H.J McCloskey’s article, “On Being an Atheist,” is an attempt to show atheism as a more practical alternative to the Christian belief. McCloskey reasons against the theistic beliefs of the cosmological argument, the teleological argument and design. He references the presence of evil in a world created by God and the absurdity of living by faith. This article is an attempt to reason that God does not exist because He is perfect and the world is not perfect; evil exists therefore God cannot exist. McCloskey’s article labels these arguments as “proofs” and concludes none of these arguments would be evidence of God’s existence.
The cosmological argument is however not a valid argument in explaining the existence of god because the conclusions do not logically follow the premises. The main point in the cosmological argument is the first cause. As stated (by Aquinas) the world... ... middle of paper ... ...he conclusion does not logically follow. If nothing is self creating, god for whatever reason should not be an exception. Aquinas first way suggested thing in motion are put in motion something.
Berkeley`s states that everything is an idea and that there has to be a supreme spirit (god) out there that has the ability to put ideas in our mind. Thus, being the one who controls everything that we are able think. The way that I understood Berkeley`s argument is that he believes that the existence of “God” is essential in order to know anything from the external world. Comprehending Berkeley`s argument wasn’t an easy task, but I have come to my personal conclusion that this so called; “Supreme spirit” is not necessary for me to have knowledge about the things that I can observe. Therefore in this paper, I will argue that Berkeley`s response to skepticism is not successful because he thinks that god is the base of knowledge.
Philosophers say this proves that it cannot have been just random chance. Design qua purpose looks at the evidence of design in terms of how all ... ... middle of paper ... ... to change your beliefs. I.e. it won't convince an atheist. However, the idea of the universe just being here, a brute fact, a product of blind chance and nothing more is a personally unsatisfactory one due to the extraordinary nature of the universe and so whist the Design Argument may not conclusively prove the existence of God it suggests that the existence of a Designer, who we know as God, is a more probable likelihood than not.
However, this still fails to point towards a god or conscious creator. After exhibiting faulty methods of argument and frequent logical fallacies, the teleological argument fails as a well-crafted argument. The content of this argument refuses to account for evolutionary theory, and fails to solve the burden of proof in showing how everything is designed deliberately. Even the criterion for god, which William Paley outlines, is faulty and unachievable by the current state of reality. Although the argument proves that an amalgamation of forces formed the universe, to consider them conscious is begging the question.
For many, the idea of existence as a predicate causes issues for the ontological argument. In the argument Anselm states that God is a being, than which nothing greater can be conceived, and using logic he comes to the conclusion that God must exist by definition. This can be seen as strength to the argument as if it is a valid deduction it proves God’s existence to an atheist as well as a believer. However, Kant counters this argument by saying that existence could not be a predicate of anything. This is because a predicate should be something that enriches our concept of what the thing is like.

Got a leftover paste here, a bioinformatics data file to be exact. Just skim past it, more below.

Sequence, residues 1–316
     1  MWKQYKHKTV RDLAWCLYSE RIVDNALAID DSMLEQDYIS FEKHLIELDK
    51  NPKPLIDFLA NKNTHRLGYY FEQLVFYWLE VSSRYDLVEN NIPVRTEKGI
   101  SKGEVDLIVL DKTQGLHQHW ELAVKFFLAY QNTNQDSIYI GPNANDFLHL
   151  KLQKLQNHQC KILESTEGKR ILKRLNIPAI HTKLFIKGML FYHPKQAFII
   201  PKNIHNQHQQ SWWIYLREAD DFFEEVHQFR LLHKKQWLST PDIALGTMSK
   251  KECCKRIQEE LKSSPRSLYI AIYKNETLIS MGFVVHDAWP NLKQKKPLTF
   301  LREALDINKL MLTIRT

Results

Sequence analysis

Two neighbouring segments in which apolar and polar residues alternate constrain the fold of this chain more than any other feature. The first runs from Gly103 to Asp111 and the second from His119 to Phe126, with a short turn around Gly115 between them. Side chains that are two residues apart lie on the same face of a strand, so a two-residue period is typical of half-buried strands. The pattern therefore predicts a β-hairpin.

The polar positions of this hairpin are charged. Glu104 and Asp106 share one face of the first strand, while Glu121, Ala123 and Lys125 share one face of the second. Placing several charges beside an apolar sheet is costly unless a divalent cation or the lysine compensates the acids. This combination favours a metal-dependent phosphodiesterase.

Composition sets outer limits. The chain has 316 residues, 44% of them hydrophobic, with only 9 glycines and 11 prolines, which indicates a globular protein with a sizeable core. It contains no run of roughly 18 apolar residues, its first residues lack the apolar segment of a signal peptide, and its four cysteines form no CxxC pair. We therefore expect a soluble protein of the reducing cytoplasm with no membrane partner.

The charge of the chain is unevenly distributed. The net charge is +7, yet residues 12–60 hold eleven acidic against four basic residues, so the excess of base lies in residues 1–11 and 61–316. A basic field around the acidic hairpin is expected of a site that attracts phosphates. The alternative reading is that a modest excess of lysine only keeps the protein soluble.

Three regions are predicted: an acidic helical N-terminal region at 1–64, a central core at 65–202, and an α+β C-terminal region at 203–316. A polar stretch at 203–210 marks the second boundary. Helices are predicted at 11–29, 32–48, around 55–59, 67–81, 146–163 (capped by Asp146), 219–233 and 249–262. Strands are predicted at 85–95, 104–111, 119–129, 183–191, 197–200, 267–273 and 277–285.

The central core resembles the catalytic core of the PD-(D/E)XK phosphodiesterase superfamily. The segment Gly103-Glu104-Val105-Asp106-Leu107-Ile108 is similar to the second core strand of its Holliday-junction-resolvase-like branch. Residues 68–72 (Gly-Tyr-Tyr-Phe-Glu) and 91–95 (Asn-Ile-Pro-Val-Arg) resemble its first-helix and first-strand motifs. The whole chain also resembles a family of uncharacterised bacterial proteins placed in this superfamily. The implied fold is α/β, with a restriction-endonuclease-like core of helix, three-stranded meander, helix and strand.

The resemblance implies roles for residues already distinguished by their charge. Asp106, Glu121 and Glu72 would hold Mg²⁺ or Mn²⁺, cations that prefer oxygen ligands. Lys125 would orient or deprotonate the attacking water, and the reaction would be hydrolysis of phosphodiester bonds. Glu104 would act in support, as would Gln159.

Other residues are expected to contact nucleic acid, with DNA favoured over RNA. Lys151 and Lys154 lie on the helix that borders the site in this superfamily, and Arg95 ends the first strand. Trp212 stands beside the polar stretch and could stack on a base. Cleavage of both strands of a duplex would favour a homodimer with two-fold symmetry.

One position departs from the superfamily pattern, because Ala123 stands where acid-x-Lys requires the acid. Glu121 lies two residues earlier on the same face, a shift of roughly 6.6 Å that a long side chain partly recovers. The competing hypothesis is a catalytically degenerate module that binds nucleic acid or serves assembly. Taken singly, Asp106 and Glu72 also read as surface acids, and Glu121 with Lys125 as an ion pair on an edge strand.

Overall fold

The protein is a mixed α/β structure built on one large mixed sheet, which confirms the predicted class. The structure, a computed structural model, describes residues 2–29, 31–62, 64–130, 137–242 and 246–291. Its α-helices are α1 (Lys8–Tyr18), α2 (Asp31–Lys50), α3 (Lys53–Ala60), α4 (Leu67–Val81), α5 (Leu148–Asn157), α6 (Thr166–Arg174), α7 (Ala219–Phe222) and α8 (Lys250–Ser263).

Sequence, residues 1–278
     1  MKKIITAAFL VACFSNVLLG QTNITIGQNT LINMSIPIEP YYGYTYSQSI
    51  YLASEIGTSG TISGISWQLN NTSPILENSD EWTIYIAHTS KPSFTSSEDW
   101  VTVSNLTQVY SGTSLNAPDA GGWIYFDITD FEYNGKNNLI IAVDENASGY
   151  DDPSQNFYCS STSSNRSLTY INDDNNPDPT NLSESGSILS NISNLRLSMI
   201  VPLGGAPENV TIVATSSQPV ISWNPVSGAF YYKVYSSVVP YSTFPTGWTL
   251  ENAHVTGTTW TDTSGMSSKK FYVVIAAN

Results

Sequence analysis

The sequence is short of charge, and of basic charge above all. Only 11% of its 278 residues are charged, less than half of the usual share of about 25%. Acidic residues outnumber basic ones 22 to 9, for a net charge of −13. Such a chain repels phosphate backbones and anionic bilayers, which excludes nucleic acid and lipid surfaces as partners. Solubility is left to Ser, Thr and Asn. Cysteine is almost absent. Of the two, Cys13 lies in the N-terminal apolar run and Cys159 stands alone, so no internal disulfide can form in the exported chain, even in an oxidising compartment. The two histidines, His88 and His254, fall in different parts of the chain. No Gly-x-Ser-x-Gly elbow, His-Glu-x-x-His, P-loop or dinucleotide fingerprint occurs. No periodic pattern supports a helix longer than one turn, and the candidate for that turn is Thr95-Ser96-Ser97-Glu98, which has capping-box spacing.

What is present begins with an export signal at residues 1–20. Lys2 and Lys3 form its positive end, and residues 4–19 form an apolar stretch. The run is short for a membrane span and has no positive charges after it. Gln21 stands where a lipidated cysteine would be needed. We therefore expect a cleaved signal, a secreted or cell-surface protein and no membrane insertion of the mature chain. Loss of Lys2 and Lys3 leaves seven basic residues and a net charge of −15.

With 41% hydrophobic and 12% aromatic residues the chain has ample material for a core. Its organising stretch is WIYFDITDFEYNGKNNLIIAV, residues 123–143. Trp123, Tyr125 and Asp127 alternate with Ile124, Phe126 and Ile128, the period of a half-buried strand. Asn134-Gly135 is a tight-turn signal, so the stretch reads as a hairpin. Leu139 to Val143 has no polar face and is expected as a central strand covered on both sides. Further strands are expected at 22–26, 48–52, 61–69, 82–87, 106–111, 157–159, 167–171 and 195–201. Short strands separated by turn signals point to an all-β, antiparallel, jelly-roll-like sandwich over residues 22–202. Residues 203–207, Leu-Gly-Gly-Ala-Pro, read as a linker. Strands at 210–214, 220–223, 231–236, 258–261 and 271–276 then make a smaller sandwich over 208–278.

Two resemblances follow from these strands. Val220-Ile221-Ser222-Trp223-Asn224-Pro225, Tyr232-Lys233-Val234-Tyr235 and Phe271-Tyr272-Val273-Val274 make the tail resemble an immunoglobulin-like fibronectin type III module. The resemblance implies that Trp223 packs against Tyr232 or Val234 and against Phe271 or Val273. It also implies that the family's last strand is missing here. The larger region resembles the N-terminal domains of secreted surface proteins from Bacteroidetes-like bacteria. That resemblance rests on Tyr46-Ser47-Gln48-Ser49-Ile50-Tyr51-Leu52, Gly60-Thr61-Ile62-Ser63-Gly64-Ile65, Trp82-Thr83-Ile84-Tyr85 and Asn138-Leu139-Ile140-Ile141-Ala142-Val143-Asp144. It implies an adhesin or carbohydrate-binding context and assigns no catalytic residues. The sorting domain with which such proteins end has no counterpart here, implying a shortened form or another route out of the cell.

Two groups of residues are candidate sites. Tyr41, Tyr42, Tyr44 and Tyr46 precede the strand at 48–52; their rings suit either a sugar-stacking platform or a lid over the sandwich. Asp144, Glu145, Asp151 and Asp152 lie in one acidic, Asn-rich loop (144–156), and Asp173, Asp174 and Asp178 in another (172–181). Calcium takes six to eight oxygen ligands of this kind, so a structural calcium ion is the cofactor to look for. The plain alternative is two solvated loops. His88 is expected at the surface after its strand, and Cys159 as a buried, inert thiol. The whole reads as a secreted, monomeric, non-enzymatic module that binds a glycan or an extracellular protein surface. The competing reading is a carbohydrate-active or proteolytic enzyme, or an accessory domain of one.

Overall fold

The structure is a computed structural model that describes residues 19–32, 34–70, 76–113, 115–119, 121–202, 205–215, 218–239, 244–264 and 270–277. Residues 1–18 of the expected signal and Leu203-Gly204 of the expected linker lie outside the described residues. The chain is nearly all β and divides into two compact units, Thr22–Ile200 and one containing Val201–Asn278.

McCloskey fails to prove his points against the cosmological argument, teleological argument, and the problem of evil as has could not present strong enough argument against them. Ultimately, all he proves is that theism stronger than he had thought. It is amazing how God made such a universe that we may never know the full complexity of His universe. References Craig, W. L. (2008). Reasonable Faith: Christian Truth and Apologetics.
This premise is trying to compare god the being who can complete any task, to a normal person. This conflicts directly with Aquinas definition of omnipotence because it is logically possible for a person, so why isn’t it for god. I still think that his definition is correct because it is not logical to compare a person to an Omnipotence being. I think another argument could be made here that god would be doing more than carving a stone out of the earth but perhaps creating one. The paradox of the stone is an odd thing, if god wanted to keep his omnipotence he could just not create the stone therefore not be challenged.
God gave us free will to be able to choose for ourselves. McCloskey talks about free will negatively and also brings up the point that since evil exists, God cannot. This is not true by any means and we will dispute McCloskey’s points throughout this essay. McCloskey starts with disputing the Cosmological argument. McCloskey states, "The mere existence of the world constitutes no reason for believing in the existence of such a being" (McCloskey, 1968).
Demea responds by stating that we are only a speck in the whole universe limited to only what we can see. What seems evil to us now may not be evil for we cannot see how everything will end. Once we look at everything as a whole, we must make the connections and understand that with God in charge, everything will work out for the best. We cannot say that God is evil when we are only looking at the world from our point of view for we cannot see the ultimate goal which God seems to have in mind. After analyzing what Demea states, one finds that he is unknowingly on the same page as Philo.